How tech companies are adapting to attract and retain talent

The number of new tech jobs that offer telecommuting has increased as employers expand their search for talent. According to a recent CompTIA report, this development reflects a “significant shift in thinking about the workplace.”

Tech companies are involved with these reflections. In order to attract and retain their talent, they must adapt to this new hybrid standard of work that has been introduced, risking the loss of a good profile and the departure of employees.

How are VMWare and Kyndryl redefining, in their own way, the contours of the desktop world in a post-Covid world?

Flexibility and mobility

Kyndryl has yet to blow out its first candle – the IBM spin-off will go independent in November 2021 – but is looking to recruit with a vengeance this year to ramp up its activity. Its reputation should have grown since the company was spun off from Big Blue. The lack of reputation is also strong, says Christophe Malapert, director of human resources at Kyndryl France. The company, which currently has nearly 1,200 employees, wants to adopt a more “start-up” image, with a “construction approach” that many recruits are embracing, HRD points out.

ESN, which already has a well-established clientele, is struggling in a changing sector with “new workloads emerging in the cloud,” points out Christophe Malaperty. It is therefore necessary to integrate a whole range of new skills, with “different profiles” in sales, but also in consulting and IT production. For his part, Christophe Malapert observes a “relatively low, below 5%” attrition rate, in contrast to other ESNs that experienced sharper turnover at the end of the crisis.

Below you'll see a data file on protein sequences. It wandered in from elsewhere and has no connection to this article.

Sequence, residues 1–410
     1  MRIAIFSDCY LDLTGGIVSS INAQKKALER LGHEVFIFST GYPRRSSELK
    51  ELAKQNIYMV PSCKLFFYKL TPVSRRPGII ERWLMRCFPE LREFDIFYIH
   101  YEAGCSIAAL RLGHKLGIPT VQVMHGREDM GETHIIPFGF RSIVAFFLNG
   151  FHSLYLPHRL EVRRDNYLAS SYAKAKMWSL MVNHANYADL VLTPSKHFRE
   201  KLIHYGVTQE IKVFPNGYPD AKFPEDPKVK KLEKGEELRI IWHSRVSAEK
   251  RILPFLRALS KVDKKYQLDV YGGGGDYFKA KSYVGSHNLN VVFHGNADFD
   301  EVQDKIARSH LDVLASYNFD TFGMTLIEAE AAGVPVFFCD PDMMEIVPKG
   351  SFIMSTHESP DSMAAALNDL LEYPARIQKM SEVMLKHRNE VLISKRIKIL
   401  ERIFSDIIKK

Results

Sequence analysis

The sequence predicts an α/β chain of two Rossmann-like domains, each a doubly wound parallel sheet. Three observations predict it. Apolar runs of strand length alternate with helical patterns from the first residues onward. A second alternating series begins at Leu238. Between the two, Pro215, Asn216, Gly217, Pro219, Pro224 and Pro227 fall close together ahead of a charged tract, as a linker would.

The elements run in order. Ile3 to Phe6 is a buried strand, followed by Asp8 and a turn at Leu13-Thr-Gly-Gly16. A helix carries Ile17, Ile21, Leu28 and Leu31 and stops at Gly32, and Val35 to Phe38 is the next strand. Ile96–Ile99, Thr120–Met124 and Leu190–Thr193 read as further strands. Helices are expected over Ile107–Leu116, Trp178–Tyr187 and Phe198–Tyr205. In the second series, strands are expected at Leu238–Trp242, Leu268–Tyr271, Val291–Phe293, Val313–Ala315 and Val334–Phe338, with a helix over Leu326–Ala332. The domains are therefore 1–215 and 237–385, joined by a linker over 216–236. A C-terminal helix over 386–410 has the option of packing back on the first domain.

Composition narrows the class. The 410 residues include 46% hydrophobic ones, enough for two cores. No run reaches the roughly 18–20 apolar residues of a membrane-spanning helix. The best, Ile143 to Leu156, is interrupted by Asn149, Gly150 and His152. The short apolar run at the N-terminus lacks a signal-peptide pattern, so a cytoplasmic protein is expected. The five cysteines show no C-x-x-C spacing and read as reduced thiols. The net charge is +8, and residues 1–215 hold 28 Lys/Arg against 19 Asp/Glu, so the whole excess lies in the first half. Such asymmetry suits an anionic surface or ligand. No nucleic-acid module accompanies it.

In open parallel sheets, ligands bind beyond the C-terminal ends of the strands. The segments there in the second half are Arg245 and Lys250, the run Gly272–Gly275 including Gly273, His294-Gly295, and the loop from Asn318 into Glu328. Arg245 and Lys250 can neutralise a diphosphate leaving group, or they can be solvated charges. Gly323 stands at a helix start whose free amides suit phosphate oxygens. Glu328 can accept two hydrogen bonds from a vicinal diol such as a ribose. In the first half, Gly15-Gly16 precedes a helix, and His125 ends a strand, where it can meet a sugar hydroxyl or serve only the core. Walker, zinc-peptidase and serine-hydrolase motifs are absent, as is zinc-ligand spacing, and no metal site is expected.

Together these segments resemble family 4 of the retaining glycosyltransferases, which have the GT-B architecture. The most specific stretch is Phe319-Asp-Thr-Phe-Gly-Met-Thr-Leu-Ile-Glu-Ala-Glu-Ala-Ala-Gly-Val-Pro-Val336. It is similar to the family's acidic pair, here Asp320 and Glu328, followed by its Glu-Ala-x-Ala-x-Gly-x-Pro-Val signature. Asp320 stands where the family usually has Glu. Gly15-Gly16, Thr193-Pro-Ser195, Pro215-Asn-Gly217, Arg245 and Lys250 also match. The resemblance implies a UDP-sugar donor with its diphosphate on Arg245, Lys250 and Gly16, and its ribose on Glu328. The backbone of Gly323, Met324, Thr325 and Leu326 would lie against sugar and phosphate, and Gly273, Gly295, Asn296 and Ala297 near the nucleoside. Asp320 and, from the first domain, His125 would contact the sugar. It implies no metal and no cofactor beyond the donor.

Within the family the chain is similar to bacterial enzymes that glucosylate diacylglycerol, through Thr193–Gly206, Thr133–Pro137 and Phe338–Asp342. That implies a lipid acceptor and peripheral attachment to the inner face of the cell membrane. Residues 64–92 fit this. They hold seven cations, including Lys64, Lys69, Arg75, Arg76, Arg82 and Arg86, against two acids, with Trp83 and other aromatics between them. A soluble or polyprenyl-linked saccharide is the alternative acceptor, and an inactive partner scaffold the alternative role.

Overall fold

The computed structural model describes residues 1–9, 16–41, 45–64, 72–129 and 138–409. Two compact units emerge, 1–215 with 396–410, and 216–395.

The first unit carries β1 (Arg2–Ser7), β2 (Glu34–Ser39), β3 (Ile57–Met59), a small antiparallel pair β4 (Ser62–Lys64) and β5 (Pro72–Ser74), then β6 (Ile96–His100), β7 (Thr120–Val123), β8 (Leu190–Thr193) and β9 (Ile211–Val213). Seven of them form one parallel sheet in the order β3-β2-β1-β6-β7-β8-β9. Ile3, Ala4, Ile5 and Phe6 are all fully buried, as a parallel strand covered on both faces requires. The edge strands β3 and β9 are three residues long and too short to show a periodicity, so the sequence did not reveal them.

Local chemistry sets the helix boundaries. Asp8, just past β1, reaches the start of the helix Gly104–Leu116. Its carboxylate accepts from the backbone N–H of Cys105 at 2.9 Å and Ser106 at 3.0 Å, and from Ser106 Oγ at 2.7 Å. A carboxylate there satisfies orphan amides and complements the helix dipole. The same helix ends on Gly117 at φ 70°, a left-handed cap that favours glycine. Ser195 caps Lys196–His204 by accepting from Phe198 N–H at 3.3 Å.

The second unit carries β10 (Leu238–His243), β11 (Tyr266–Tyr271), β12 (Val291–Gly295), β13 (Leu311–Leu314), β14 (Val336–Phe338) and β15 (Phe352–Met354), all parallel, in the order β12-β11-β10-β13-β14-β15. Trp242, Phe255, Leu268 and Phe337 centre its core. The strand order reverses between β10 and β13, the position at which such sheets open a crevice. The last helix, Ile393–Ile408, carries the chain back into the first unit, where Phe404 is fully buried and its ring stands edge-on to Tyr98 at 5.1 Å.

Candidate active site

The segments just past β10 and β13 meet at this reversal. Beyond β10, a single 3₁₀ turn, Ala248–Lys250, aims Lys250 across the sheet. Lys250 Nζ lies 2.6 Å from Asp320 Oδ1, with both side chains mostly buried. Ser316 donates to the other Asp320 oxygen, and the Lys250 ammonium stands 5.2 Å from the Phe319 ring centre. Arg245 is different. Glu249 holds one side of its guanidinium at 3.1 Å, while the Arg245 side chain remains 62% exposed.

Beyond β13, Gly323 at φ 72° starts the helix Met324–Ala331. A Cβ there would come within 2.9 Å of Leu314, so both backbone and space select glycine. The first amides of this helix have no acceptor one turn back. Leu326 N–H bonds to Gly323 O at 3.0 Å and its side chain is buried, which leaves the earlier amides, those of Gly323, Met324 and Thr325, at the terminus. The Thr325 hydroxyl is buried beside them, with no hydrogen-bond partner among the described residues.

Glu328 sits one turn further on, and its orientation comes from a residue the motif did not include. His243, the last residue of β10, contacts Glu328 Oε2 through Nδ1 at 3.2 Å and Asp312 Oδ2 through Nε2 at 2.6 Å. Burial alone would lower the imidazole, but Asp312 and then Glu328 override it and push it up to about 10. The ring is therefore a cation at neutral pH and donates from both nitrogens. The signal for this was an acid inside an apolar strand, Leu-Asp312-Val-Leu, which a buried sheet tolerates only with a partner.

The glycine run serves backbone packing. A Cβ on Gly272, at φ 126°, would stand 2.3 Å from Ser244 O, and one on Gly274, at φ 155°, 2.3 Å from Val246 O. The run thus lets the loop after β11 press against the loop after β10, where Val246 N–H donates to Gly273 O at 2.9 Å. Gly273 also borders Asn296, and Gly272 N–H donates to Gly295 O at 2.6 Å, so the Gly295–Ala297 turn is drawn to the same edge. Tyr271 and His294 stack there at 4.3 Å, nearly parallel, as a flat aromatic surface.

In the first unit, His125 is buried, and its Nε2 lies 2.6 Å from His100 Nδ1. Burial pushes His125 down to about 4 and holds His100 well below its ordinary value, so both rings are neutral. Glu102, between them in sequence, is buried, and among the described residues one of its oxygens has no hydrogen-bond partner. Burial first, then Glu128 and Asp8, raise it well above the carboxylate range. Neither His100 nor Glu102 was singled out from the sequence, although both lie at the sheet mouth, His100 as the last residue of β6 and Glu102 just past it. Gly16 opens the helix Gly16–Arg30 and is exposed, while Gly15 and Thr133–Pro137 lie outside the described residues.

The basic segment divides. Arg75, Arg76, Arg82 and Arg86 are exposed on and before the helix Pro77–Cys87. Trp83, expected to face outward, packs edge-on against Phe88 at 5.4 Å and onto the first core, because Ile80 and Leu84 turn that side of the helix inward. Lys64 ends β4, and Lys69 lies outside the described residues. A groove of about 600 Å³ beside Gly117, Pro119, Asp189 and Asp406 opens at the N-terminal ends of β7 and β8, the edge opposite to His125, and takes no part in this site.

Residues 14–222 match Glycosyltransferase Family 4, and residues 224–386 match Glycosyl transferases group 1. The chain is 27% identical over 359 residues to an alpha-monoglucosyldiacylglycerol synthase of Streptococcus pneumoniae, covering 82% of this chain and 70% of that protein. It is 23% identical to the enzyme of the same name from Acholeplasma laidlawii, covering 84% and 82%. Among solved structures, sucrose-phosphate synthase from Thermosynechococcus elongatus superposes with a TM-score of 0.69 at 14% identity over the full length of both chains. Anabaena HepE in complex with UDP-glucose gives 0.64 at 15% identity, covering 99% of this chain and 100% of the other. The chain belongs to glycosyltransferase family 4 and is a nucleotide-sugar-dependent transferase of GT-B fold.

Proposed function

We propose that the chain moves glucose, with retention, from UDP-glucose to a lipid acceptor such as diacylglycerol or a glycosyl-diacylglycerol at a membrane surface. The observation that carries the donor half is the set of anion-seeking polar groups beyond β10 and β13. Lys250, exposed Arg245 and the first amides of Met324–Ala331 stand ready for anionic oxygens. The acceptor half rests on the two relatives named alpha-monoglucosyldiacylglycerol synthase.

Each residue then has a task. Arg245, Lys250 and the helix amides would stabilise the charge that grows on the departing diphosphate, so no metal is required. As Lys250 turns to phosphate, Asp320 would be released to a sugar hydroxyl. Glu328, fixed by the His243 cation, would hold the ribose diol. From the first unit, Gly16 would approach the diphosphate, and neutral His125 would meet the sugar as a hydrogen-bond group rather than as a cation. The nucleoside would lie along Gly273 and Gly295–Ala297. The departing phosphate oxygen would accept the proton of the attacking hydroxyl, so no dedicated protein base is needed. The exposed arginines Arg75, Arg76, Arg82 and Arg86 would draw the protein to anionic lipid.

Advertisement Your content continues below

The real challenge, according to HRD, is recruiting talent “in a market that’s really under pressure.” To increase its visibility, Kyndryl France, with 50% of its workforce in Île-de-France, recently joined the Defense Cyber ​​Campus, where cybersecurity players gather to share their expertise, including defense services. Government, research institutes such as Inria and a number of private companies in various sectors.

Adaptation of the workplace

Almost a year after its creation, Kyndryl is also working on the development of a remote work charter with social partners. Christophe Malaperty advocates “more flexibility for employees and new hires”.

For him, the challenge of hybridization is to ask more broadly “why do employees return to the site” when productivity at home is so good. Based on this reflection, the company implemented projects in its offices to create an on-site organization that would be more conducive to exchanges and meetings.

To retain talent, Kindril also wants to be committed on a variety of fronts. The company wants to “build bridges between trades” and offers training courses to employees, in particular by creating an internal Kyndryl Academy. “Today we know very well that to be attractive, you have to be inventive. We have the heritage of our past, but we create our identity by arranging things in a plane,” says Christophe Malaperty.

Balance between professional and personal life